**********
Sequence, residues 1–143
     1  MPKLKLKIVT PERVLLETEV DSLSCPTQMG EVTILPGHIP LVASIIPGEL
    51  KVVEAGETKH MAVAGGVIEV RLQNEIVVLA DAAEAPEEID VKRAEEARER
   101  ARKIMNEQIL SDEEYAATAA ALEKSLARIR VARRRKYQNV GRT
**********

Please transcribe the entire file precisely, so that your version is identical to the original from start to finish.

Sequence, residues 1–143
     1  MPKLKLKIVT PERVLLETEV DSLSCPTQMG EVTILPGHIP LVASIIPGEL
    51  KVVEAGETKH MAVAGGVIEV RLQNEIVVLA DAAEAPEEID VKRAEEARER
   101  ARKIMNEQIL SDEEYAATAA ALEKSLARIR VARRRKYQNV GRT